Episode 7: July, George Bastow
This month's piece is written by freelance writer George Bastow and considers both the highs (the unity of sport, echoed by the unity at the start of the pandemic) and lows of July (the racism following the Euros Final and the lack of protection for our disabled and vulnerable communities after so-called 'Freedom Day'), urging us all to continue to choose compassion and empathy over division.
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Curator: Shantel Edwards (Festival director)
Production: 11C/ Birmingham Podcast Studios for Writing West Midlands
Welcome to the Birmingham Lit Fest Presents…
podcast and our new series of commissioned writing about 2021. Each month we are commissioning a new writer to reflect on the month that has passed, offering us moments of connection through great writing and the opportunity to reflect about what we have collectively experienced at the end of the year.
Hello all you lovely listeners. My name is George Bastow and I’m a freelance writer, journalist and blogger who is also a full-time wheelchair-user with quadriplegic cerebral palsy.
July 2021 has been a funny old month, although there has seldom been anything to laugh about. It’s been a month of exciting highs and abysmal lows with displays of uplifting unity and stark division that have reminded me England is a Jekyll & Hyde nation. A deeply complex country that can flip as easily as any of the coins of its realm.
At the beginning of July, I could smell optimism in the air, as fragrant and hazy as the smoke drifting from summer evening barbecues; the Euros were in full-swing and if the countless tunelessly triumphant renditions of Baddiel & Skinner’s anthem I heard daily were to be believed football was definitely coming home. In the weeks leading up to England’s history-making championship final against Italy, my heart was lifted by the widespread love for Gareth Southgate’s squad and the refreshing examples of inclusivity they were setting, from the diversity of the players themselves to their decision to take the knee in support of Black Lives Matter and Harry Kane’s rainbow captain’s armband worn in solidarity with the LGBTQIA+ Community. The whole country was inebriated by hope, progress and of course the occasional shandy as we cheered the home team towards their first piece of silverware since 1966, but the dreaded hangover kicked in sooner than anyone expected. In the moments after Rashford, Sancho and Saka missed their penalties my spirits sank as I saw the national coin flip from its shiny, positive side to its insidiously tarnished reverse. The appalling racist abuse the players were subjected to from brutally bigoted so-called fans was truly disgusting. Over the following days however, the country’s coin of conscience turned again as legions of true supporters showed their love and admiration for Saka, Rashford and Sancho and condemned the hatred from a small-minded percentage of the public.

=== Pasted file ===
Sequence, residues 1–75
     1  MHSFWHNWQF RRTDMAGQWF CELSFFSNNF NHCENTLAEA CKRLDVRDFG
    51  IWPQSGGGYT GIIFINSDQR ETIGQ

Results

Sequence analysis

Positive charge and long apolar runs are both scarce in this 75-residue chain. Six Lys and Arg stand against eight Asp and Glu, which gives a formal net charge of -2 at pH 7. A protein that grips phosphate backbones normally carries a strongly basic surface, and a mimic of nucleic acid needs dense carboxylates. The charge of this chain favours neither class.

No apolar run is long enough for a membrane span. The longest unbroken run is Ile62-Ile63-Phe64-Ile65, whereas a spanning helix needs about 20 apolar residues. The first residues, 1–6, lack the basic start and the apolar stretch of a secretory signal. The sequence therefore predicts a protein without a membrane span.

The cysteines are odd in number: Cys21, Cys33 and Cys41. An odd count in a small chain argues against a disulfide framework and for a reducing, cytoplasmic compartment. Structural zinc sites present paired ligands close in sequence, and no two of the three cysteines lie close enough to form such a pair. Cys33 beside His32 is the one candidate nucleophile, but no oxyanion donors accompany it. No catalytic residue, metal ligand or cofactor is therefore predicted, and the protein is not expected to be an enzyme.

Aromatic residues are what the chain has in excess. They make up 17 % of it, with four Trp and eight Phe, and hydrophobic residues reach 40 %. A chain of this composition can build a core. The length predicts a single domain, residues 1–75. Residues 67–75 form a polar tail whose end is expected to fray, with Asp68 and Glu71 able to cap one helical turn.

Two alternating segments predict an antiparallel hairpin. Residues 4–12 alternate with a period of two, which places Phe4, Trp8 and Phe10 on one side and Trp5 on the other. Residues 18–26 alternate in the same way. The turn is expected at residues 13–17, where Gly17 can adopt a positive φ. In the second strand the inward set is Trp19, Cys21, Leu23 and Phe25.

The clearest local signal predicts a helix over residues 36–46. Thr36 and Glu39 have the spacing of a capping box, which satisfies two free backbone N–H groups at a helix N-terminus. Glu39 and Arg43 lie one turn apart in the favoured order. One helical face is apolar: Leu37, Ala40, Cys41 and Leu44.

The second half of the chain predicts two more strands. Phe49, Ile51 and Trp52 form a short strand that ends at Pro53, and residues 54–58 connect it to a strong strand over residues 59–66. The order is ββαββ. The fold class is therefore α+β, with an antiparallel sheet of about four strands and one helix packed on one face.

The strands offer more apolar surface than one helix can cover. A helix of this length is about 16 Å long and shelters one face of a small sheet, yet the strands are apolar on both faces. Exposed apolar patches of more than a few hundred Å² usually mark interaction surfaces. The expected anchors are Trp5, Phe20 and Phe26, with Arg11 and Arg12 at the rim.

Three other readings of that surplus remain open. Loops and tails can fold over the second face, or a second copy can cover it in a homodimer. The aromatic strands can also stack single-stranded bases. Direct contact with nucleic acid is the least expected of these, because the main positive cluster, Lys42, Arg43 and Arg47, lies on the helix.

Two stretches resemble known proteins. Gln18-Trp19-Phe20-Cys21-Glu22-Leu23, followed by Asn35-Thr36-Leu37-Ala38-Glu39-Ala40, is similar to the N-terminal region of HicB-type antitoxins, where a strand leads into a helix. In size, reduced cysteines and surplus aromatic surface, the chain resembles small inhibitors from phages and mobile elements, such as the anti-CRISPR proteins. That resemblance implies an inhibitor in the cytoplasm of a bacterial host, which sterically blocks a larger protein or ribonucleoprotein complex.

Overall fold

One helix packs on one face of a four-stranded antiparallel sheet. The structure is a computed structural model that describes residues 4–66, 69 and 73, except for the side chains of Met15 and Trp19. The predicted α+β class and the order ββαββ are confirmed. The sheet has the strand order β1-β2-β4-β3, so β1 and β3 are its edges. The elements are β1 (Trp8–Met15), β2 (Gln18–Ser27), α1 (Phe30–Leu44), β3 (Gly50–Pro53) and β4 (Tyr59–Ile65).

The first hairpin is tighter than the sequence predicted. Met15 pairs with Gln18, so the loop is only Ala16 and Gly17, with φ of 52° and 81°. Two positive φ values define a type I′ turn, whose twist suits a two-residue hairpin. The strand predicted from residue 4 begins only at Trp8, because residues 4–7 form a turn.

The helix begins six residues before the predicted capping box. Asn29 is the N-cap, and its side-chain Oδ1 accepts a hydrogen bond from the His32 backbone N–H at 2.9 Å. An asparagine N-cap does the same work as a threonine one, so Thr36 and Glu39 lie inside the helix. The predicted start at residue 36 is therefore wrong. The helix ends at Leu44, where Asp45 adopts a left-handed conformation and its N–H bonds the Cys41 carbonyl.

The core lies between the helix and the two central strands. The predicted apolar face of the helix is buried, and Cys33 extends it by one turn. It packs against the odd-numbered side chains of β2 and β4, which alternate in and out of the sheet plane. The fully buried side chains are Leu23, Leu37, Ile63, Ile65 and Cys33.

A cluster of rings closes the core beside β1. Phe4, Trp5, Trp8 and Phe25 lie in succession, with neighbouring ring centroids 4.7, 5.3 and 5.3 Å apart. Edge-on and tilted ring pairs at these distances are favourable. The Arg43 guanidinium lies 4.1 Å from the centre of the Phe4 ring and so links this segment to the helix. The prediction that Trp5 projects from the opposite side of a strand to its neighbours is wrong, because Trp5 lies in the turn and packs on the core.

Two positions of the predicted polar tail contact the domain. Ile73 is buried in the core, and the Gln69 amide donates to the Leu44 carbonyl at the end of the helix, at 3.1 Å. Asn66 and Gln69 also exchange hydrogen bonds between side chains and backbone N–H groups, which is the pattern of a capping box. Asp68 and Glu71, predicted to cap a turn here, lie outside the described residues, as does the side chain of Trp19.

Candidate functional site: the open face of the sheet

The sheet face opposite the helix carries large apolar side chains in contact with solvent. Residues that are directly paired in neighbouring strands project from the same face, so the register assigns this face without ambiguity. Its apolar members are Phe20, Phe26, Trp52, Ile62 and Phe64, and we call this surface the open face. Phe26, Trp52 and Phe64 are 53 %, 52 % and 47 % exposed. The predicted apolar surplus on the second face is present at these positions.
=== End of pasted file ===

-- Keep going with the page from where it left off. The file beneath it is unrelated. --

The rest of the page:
Just as the country rejoined as one in appreciation of three footballing heroes another polarising storm cloud appeared over the horizon… Freedom Day.
Boris Johnson (a popular tousle-haired Vaudeville clown, famous for his Prime Minister impressions) announced that from Monday, 19th, all legal COVID-19 restrictions would be lifted despite rapidly rising cases of infection. For many a long-awaited return to the Old Normal is hugely welcome but for folk like me with disabilities and compromised immune systems life without masks or social distancing is a dangerous prospect. Even after receiving two vaccinations, to immunocompromised people risking exposure to COVID and the reality of new variants will prove deadly. I understand that to some wearing a mask is an inconvenience they are happy to ditch but for vulnerable communities masks are vital weapons in a daily war to maintain our health. I appreciate the people binning their face-coverings are doing so with optimistic intentions but the virus isn’t going anywhere soon, so by wearing our masks we can help stop it spreading further and save lives while we’re at it.
As July draws to a close and the coin of England’s conscience summersaults in mid-air, we must choose which side it lands on.
Is it heads for fairness, empathy and compassion or tails for intolerance, division and misunderstanding? It’s your call.